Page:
If life give you lemons make lemonade
Inna Hudaya was born pushing herself in everything she does in life – always looking for the next challenge and life changing experience. A feminist, social-entrepreneur, advocates and world traveler, she has checked off more items on her bucket list than most people will in their lifetime. Inna devotes her time as a mentor for young people and committed to building communities to support women with unwanted pregnancy. Inna is an avid traveler and adventurer; she has visited 28 countries, a quirky alone, love walking around anonymously and wondering herself as James Bond during her travel. However, she marks activism thru Samsara as her most epic adventure yet.
Inna Hudaya was born in and grew up in a fundamentalist family in Tasikmalaya, West Java. She spent her early education in a religious and homogenous environment. While she believes that religion should bring her peace and love, she witnessing that people around her mistreated women and shows hatred toward others. She always questioning about pluralism and her freedom, because everything which has been happening in the family, was her family decision, including her education.
Inna Hudaya walked out of her hometown with one thought in her mind: How can I never go back? How not to end up extremist? How can I make a difference? In 2000, few days after her final exam, she jumped on a bus for Yogyakarta.
Inna’s career began in 2007 when she was 26, four years after her abortion. She had an unplanned pregnancy in the age of 22 when she studied in medical school. As a religious girl, sharing and being open is not her option. She knew that instead of getting the support she needed, she will face stigma and discrimination from her family and environment. She decided to have an abortion. Unfortunately, she couldn’t afford to have an abortion at the clinic. Her friends took her to have a clandestine abortion. Her abortion performed by an old woman in a hotel room, no counseling provided for her, no pain killer. It was very painful to her that made her feel like to die. She felt alone since her boyfriend took off afterward. She had post-psychosomatic trauma after the abortion, that forced her to give up her study and focus on recovering by seeing psychiatry and having the treatment that made her broke and had a debt. She could not find a way out but to finally talk to her family in 2007. Beyond her expectation, her mother can accept her condition. However, her brother could not accept her and even saying that her blood is halal to kill. She never had communication to her brother anymore.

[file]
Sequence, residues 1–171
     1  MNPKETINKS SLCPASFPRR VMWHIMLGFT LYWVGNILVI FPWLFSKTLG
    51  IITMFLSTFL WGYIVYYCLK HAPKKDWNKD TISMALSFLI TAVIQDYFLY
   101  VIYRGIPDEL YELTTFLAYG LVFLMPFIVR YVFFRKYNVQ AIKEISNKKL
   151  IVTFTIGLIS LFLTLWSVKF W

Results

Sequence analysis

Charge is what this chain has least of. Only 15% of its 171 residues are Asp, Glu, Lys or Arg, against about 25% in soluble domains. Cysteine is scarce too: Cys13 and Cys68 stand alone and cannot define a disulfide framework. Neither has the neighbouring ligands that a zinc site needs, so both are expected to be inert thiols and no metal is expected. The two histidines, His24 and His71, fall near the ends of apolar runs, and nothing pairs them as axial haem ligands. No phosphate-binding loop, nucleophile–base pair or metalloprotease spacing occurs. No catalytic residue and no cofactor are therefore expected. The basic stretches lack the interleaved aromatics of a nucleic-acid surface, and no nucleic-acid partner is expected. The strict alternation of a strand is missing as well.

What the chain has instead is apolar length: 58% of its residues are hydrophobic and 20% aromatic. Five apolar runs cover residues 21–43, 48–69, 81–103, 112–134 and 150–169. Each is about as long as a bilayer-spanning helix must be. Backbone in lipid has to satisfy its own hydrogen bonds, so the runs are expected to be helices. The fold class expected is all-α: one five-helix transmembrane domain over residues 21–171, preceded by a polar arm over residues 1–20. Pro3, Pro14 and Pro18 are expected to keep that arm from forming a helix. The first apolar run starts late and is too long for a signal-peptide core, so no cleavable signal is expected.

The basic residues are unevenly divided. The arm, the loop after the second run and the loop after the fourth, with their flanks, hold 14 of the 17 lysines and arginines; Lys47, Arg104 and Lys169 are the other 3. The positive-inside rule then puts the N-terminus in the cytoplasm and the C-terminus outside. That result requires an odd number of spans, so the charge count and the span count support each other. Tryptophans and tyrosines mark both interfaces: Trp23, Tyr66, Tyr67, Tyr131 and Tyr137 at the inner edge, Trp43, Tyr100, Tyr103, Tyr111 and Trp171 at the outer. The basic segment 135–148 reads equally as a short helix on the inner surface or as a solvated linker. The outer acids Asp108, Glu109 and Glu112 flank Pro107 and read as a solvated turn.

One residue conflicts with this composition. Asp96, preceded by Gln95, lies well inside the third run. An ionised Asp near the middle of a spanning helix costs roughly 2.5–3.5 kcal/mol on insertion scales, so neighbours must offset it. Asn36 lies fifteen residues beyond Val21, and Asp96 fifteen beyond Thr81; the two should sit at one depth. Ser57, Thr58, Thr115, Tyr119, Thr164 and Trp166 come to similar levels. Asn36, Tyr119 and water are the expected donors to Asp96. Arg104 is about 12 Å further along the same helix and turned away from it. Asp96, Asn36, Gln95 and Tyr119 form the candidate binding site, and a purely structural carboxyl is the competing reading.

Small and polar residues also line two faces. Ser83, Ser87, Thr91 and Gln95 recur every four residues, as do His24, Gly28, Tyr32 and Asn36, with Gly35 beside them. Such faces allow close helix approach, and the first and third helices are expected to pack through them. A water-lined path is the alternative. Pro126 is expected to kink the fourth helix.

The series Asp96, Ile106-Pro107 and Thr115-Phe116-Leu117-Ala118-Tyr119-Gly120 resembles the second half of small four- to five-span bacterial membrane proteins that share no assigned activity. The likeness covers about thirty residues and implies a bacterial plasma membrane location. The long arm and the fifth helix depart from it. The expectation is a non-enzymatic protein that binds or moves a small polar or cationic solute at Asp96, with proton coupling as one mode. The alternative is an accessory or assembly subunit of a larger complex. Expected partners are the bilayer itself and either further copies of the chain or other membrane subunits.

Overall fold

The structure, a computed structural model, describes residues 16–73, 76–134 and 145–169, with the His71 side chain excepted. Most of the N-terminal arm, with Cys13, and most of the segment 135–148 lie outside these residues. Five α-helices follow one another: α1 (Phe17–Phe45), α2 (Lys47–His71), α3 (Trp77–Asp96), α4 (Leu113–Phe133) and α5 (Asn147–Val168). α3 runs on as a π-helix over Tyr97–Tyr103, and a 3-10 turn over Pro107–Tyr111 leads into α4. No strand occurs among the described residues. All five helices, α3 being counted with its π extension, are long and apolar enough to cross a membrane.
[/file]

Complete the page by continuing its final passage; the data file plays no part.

However, after being open and got her mother support, Inna found her strength back. At the same time, she read an article that there are 2 million abortions a year in Indonesia. She was wondering what if 50% of them had a trauma just like she had before, the feeling to give up and die. Those women did not have a place to share the feeling. She started to write her story on her blog. She talked about her process of recovery of being guilt and feeling worthless on her blog. She got lots of reactions from women who experience the same thing. Then she did research that the feeling, the trauma scientifically approved to be normal. Her story finally published as a book in 2008.
She understood the power of the technology and internet to deliver short forms and informative content for abortion counseling, in 2007 Inna joined forces with Grace Susetyo and Kiki Nikijuluw to launch a hotline for post-abortion counseling program, what began as an experiment to see if one person could use the information and counseling service to help themselves recover from their trauma, fueled only by social media, propelled the creation of Samsara, a non-profit organization dedicated for all women with unwanted pregnancy to ensure they will receive counselling and support they needed.
Today she develop more programs, not only to deliver pre and post abortion counseling but also educational and advocacy program for sexuality and reproductive health and rights. Samsara hotline received 200-300 calls per month from women all over Indonesia and she represent Samsara in Regional and International network to share best practice and strategy, and most of all she believe that the aim of all this hard work is to give back the power in the hand of women. Reclaim the rights of women’s body autonomy.
As the Director of Samsara, her leadership style underline the importance of empowerment and meaningful participation of young people. She challenge everyone to join forces with Samsara as a life-changing opportunities. This is a true “experimental learning process” for all the team, member, and beneficiaries of Samsara.